Higher education service quality, student satisfaction and loyalty. Validating the HESQUAL scale and testing an improved structural model

Published date14 October 2019
Date14 October 2019
AuthorViraiyan Teeroovengadum,Robin Nunkoo,Christian Gronroos,T.J. Kamalanabhan,Ashley Keshwar Seebaluck
Subject MatterEducation,Educational evaluation/assessment
Higher education service quality,
student satisfaction and loyalty
Validating the HESQUAL scale and testing an
improved structural model
Viraiyan Teeroovengadum and Robin Nunkoo
Department of Management, University of Mauritius, Reduit, Mauritius
Christian Gronroos
Hanken Svenska Handelshogskolan Foretagsledning och organisation,
Helsingfors, Finland
T.J. Kamalanabhan
Department of Management, Indian Institute of Technology, Madras, India, and
Ashley Keshwar Seebaluck
Department of Management, University of Mauritius, Reduit, Mauritius
Purpose The purpose of this study is to validate the higher educationservice quality (HESQUAL) scale
using a conrmatory approach and test an improved structural model that predicts student loyalty from
image, perceivedvalue, satisfaction and service quality. In additionto validating the HESQUAL scale using a
conrmatoryapproach, two other main limitations in the extant literature are addressed.
Design/methodology/approach The model is tested using data collected from 501 students enrolled
in different higher educationinstitutions in Mauritius. A two-stage approach to structuralequation modeling
is used whereby the measurementmodel is rst tested using conrmatory factor analysisand followed by the
assessmentof the structural model.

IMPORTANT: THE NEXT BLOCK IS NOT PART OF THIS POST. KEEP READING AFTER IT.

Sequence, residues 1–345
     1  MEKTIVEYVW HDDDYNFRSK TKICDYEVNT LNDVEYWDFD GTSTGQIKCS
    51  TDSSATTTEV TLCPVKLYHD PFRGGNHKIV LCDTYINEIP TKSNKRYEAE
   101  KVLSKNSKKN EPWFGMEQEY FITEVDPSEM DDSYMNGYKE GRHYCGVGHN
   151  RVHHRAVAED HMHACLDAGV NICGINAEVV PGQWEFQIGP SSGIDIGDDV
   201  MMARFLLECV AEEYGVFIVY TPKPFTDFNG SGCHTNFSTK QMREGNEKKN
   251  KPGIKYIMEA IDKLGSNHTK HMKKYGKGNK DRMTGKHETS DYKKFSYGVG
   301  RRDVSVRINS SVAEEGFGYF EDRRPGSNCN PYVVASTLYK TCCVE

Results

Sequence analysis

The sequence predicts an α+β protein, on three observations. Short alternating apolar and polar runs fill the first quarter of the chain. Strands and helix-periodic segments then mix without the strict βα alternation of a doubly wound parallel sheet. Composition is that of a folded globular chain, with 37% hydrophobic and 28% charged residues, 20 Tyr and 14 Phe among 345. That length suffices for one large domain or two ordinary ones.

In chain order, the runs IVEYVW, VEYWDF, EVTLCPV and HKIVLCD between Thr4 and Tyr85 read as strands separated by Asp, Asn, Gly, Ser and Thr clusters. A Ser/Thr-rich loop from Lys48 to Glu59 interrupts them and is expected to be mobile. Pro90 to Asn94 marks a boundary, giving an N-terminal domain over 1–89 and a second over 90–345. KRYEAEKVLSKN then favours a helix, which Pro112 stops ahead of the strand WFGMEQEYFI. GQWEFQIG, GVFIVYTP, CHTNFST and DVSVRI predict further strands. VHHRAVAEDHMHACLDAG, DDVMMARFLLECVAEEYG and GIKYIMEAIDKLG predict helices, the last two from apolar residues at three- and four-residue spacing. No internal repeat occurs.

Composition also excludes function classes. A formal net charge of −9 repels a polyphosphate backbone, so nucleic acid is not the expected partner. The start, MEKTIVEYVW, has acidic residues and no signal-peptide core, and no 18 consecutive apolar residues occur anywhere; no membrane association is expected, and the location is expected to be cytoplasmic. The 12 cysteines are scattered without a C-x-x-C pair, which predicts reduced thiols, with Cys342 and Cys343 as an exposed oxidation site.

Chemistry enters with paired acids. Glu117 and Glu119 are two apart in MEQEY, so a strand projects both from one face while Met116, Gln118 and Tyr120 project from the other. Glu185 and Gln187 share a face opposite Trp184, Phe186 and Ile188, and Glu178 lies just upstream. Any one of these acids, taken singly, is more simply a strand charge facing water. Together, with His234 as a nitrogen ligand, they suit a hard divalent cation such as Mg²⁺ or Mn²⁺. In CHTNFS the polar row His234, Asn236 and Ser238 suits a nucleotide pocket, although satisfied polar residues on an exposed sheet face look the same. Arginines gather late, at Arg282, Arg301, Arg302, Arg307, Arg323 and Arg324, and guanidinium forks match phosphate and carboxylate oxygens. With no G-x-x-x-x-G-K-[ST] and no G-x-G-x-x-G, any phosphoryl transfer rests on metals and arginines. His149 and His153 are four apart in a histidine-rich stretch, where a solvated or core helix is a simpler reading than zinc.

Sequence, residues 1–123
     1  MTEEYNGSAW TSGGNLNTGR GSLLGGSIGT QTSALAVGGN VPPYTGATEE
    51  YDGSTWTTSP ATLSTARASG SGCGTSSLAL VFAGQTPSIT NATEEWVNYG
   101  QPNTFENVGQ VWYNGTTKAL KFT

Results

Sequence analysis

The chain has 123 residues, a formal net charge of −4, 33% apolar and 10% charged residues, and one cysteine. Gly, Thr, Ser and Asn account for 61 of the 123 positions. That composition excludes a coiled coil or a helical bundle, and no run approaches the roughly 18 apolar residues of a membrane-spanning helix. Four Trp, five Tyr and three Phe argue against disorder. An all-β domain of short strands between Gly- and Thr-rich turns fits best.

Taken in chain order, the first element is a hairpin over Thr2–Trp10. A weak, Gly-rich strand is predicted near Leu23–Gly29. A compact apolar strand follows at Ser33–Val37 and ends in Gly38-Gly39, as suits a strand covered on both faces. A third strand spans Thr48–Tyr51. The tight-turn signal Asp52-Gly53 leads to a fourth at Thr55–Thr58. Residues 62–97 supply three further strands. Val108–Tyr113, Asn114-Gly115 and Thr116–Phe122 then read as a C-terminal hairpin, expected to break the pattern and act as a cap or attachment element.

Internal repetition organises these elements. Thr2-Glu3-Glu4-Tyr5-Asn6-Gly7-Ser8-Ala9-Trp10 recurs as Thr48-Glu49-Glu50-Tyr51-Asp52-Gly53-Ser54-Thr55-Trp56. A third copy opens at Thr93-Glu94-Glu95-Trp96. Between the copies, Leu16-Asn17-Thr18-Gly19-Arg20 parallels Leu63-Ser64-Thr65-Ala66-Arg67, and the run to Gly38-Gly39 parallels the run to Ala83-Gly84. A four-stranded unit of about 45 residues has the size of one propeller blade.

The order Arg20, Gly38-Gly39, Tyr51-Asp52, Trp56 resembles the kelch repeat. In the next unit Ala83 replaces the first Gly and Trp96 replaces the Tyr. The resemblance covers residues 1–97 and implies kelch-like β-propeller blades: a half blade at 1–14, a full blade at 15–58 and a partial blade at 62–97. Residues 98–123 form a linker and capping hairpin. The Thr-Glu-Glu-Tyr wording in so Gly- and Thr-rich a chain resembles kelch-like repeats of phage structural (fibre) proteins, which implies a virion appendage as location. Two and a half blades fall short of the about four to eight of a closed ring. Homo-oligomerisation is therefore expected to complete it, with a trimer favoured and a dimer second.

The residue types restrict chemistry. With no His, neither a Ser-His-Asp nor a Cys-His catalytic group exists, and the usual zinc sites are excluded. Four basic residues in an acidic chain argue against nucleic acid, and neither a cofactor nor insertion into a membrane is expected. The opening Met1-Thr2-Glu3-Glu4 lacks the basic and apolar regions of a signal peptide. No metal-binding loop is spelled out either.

Findings Importantly, resultsindicate that student satisfaction is inuenced by technicalservice quality,
image and perceivedvalue, but not by functional service quality. Both dimensions of servicequality however
are signicant predictorsof image and perceived value. The study uses a comprehensive measure ofservice
quality and demonstrates that it is worthwhileto consider functional service quality as higher-order model
and clearly distinguishbetween functional and technical quality, as both the technical andfunctional aspects
play an importantrole in shaping studentsperceptionsand behaviors.
Originality/value First, in the existing literature,service quality has not been considered as a second-
order factor model in structural models of student satisfaction and loyalty,thus lacking either precision or
parsimony. Second, the transformative quality aspect of higher education has been largely neglected in
previous researchtesting such predictive models. The model delineatesservice quality into the functional and
transformative (technical) aspects and treats functional service qualityas a second-order factor comprising
nine sub-dimensions.
Keywords Loyalty, Perceived value, Service quality, Satisfaction, Image, Higher education
Paper type Research paper
Service quality and related marketing concepts such as customer satisfaction and loyalty
have been rarely used in the higher education sector in the past. At most, they have been
Validating the
Received9 January 2019
Revised6 May 2019
20July 2019
Accepted21 July 2019
QualityAssurance in Education
Vol.27 No. 4, 2019
pp. 427-445
© Emerald Publishing Limited
DOI 10.1108/QAE-01-2019-0003
The current issue and full text archive of this journal is available on Emerald Insight at:
seen as ad hoc components that added somevalue to universities, but not a necessity to their
survival. However, the past decades have seen unprecedented changes in the landscape of
higher education (Chong and Ahmed, 2015;Dennis et al.,2016). Gone are the days when
universities had a secured demand for their services. Institutions that were previously
accessible to the societal elites only, now have to compete to attract students and gain